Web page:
Arkansas Gov. Mike Beebe warned sheriffs from around the state Tuesday that new funding he has proposed for the prison system could be at risk if lawmakers halt the compromise Medicaid expansion approved last year. Facing an increasingly uphill fight to renew the “private option” expansion during next month’s legislative session, Beebe also defended his administration’s estimate of how much the state budget would have to be cut if the program ends (1/28).

In other Medicaid-related news --

The Associated Press/Washington Post: Answers Sought On Families’ Medicaid Problems 
A congresswoman from New Hampshire asked the U.S. government Tuesday to clarify how families can obtain coverage under the federal health insurance law when children are eligible for Medicaid but their parents are not. Parents in New Hampshire, California and Florida have been surprised to learn that children who qualify for Medicaid can’t be covered under subsidized family plans purchased through the federal online markets, The Associated Press reported this week. Some children are going without coverage temporarily while their eligibility is determined. Others are stuck with no options because they applied for Medicaid and were rejected, but can’t be added to their parents’ plans (1/28).

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Capitol Hill Watch

Lawmakers File Briefs In Hobby Lobby Health Law Contraception Case

Republican senators also are weighing in.

The Hill: House Dems Enter Legal Fray Over Obamacare Birth Control Mandate
Scores of House Democrats entered the legal fight over Obamacare's birth-control mandate Tuesday, filing an amicus brief before the Supreme Court in defense of the contentious coverage requirement. Behind House Minority Leader Nancy Pelosi (D-Calif.), the lawmakers say the provision -- which requires most employers to cover birth control for their workers -- does not infringe on religious freedoms, as the Hobby Lobby, a Christian-owned retail chain, contends in its lawsuit (Lillis, 1/28).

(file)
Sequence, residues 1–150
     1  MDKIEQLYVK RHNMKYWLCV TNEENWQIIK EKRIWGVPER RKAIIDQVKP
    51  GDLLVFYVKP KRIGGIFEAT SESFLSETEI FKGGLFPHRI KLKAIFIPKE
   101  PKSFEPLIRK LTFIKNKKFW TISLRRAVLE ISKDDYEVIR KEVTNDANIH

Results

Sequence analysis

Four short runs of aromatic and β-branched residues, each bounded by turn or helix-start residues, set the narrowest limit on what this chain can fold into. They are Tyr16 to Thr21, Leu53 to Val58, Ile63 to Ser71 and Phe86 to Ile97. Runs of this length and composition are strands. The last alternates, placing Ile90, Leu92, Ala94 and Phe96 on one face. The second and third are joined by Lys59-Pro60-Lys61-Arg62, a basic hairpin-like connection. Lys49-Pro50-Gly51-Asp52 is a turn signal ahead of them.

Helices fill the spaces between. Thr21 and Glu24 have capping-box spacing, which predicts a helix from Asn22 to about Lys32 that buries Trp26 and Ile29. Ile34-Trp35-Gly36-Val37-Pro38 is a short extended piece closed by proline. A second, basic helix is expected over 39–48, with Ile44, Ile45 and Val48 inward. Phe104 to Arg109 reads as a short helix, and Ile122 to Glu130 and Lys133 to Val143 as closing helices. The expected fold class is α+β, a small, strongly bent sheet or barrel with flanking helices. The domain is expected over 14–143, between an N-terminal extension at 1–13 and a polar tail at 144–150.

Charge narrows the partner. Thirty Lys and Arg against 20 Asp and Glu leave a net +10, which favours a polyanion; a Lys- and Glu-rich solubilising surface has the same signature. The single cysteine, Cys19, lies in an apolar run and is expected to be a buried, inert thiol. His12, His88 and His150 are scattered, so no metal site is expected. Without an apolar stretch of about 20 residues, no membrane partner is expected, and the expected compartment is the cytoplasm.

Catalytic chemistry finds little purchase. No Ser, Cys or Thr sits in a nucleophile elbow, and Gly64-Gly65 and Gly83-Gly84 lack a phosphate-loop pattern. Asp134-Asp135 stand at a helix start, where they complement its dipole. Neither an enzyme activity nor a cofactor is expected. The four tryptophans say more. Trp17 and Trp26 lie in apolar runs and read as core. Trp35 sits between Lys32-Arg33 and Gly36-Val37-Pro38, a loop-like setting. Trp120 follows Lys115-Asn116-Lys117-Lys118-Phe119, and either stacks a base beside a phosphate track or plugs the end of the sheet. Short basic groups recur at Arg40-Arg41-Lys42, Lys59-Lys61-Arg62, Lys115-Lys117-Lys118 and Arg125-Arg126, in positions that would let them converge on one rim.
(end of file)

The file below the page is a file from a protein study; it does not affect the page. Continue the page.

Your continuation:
USA Today: Lawmakers Weigh In On Supreme Court Contraception Case
Dozens of GOP and Democratic lawmakers have filed competing legal briefs to the Supreme Court as it prepares to take up challenges to provisions in the Affordable Care Act mandating contraception coverage. ... Senate Budget Chairwoman Patty Murray, D-Wash., led a group of Senate Democrats in filing a separate legal brief defending the government’s position in support of contraception coverage. “Allowing a woman’s boss to call the shots about her access to birth control should be inconceivable to all Americans in this day and age, and takes us back to a place in history when women had no voice or choice,” Murray said (Davis, 1/28).

Fox News: Dem Senators Intervene In Hobby Lobby Case, Urge Justices To Deny Obamacare Exemption
Republican senators returned fire, jumping to Hobby Lobby's defense in a brief of their own. "The ability to practice the faith we choose is one of our great constitutional rights. The Obama administration's contraceptive mandate stomps on that right," Sen. David Vitter said in a statement (1/28).

Meanwhile --

The Wall Street Journal’s Law Blog: Notre Dame Revives Bid For Injunction Over Contraception